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Biomaterials. 2017 Jul;131:98-110. doi: 10.1016/j.biomaterials.2017.03.026. Epub 2017 Mar 23.

Microfluidic-enhanced 3D bioprinting of aligned myoblast-laden hydrogels leads to functionally organized myofibers in vitro and in vivo.

Author information

1
Tissue Engineering Lab, Università Campus Bio-Medico di Roma, Rome, Italy.
2
Department of Biology, University of Rome Tor Vergata, Rome, Italy.
3
Department of Chemistry, Sapienza University of Rome, Rome, Italy.
4
Warsaw University of Technology, Faculty of Materials Science and Engineering, Warsaw, Poland.
5
Department of Biomedical Engineering, Techion Institute, Haifa, Israel.
6
Institute of Physical Chemistry, Polish Academy of Sciences, 01224 Warsaw, Poland.
7
Tissue Engineering Lab, Università Campus Bio-Medico di Roma, Rome, Italy. Electronic address: a.rainer@unicampus.it.
8
Department of Biology, University of Rome Tor Vergata, Rome, Italy. Electronic address: cesare.gargioli@uniroma2.it.

Abstract

We present a new strategy for the fabrication of artificial skeletal muscle tissue with functional morphologies based on an innovative 3D bioprinting approach. The methodology is based on a microfluidic printing head coupled to a co-axial needle extruder for high-resolution 3D bioprinting of hydrogel fibers laden with muscle precursor cells (C2C12). To promote myogenic differentiation, we formulated a tailored bioink with a photocurable semi-synthetic biopolymer (PEG-Fibrinogen) encapsulating cells into 3D constructs composed of aligned hydrogel fibers. After 3-5 days of culture, the encapsulated myoblasts started migrating and fusing, forming multinucleated myotubes within the 3D bioprinted fibers. The obtained myotubes showed high degree of alignment along the direction of hydrogel fiber deposition, further revealing maturation, sarcomerogenesis, and functionality. Following subcutaneous implantation in the back of immunocompromised mice, bioprinted constructs generated organized artificial muscle tissue in vivo. Finally, we demonstrate that our microfluidic printing head allows to design three dimensional multi-cellular assemblies with an exquisite compartmentalization of the encapsulated cells. Our results demonstrate an enhanced myogenic differentiation with the formation of parallel aligned long-range myotubes. The approach that we report here represents a robust and valid candidate for the fabrication of macroscopic artificial muscle to scale up skeletal muscle tissue engineering for human clinical application.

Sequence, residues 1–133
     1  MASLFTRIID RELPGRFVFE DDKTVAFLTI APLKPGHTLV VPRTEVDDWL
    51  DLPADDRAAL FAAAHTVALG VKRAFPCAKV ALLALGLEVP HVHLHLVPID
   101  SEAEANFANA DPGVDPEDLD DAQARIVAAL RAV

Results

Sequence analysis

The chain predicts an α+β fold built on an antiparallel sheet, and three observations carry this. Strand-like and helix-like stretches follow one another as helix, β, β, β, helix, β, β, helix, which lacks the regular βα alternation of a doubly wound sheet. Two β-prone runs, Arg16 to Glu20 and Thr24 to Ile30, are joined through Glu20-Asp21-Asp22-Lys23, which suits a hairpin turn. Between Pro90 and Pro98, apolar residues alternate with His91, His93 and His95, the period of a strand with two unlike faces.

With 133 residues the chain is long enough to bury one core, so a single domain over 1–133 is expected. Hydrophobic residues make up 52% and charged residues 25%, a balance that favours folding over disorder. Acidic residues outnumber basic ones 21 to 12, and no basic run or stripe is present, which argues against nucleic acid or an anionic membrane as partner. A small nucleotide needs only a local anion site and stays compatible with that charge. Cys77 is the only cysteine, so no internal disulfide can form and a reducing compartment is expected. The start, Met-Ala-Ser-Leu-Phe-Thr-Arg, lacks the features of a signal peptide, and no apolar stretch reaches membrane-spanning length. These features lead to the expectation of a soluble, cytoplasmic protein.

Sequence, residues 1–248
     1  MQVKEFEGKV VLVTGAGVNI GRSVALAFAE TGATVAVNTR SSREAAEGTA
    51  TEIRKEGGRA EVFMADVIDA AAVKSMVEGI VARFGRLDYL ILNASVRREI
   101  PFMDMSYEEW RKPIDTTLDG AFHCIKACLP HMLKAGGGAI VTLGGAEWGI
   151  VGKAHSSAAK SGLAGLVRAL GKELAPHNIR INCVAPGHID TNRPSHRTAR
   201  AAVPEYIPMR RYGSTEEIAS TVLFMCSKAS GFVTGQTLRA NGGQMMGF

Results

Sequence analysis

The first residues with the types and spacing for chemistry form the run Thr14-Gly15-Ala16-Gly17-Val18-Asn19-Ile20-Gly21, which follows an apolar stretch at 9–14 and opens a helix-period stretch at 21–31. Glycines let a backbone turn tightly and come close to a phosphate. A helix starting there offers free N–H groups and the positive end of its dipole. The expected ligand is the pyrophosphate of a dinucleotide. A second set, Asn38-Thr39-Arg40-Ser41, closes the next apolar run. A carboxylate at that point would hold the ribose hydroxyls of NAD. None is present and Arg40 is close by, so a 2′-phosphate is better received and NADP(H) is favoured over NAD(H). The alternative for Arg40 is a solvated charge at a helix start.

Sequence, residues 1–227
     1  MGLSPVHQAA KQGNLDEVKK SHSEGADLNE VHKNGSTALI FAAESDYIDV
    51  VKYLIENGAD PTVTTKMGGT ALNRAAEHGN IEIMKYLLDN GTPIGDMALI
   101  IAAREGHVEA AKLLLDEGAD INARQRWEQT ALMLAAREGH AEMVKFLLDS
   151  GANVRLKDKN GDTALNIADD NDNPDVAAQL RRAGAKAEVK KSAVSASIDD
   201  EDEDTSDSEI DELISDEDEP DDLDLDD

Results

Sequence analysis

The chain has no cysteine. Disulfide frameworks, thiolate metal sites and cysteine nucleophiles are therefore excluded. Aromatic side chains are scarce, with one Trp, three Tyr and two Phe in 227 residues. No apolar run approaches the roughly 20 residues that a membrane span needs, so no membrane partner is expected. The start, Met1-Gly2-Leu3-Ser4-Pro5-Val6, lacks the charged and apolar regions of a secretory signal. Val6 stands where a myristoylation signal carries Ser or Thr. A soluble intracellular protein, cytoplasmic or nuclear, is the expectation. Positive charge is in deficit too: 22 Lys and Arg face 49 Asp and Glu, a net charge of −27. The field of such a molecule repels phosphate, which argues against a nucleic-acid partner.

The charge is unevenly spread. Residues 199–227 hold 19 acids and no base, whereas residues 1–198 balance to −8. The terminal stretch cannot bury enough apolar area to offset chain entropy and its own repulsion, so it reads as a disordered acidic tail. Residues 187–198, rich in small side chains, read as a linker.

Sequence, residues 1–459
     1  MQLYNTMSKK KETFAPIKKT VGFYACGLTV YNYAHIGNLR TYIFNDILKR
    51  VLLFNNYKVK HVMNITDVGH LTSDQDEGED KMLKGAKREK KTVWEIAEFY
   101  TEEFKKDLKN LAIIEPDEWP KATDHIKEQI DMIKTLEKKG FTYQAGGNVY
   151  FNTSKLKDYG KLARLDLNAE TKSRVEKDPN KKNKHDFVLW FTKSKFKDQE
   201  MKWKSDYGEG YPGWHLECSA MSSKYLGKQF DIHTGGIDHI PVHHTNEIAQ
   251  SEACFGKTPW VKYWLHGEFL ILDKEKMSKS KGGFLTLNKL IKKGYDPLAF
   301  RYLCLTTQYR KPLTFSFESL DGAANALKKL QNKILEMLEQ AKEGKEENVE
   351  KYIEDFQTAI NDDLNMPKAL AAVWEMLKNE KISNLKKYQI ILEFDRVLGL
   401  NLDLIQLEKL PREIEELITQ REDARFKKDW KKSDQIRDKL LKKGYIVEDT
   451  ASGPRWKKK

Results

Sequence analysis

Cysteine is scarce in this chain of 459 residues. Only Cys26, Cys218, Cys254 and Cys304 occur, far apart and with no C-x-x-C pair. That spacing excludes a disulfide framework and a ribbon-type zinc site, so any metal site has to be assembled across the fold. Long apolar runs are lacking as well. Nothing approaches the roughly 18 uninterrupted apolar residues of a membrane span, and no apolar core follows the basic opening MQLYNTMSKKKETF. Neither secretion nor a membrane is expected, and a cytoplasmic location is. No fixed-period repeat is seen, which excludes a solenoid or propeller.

KEYWORDS:

Artificial muscle; Microfluidic enhanced 3D bioprinting; Myogenic precursor cells; Myotubes; PEG-Fibrinogen hydrogel

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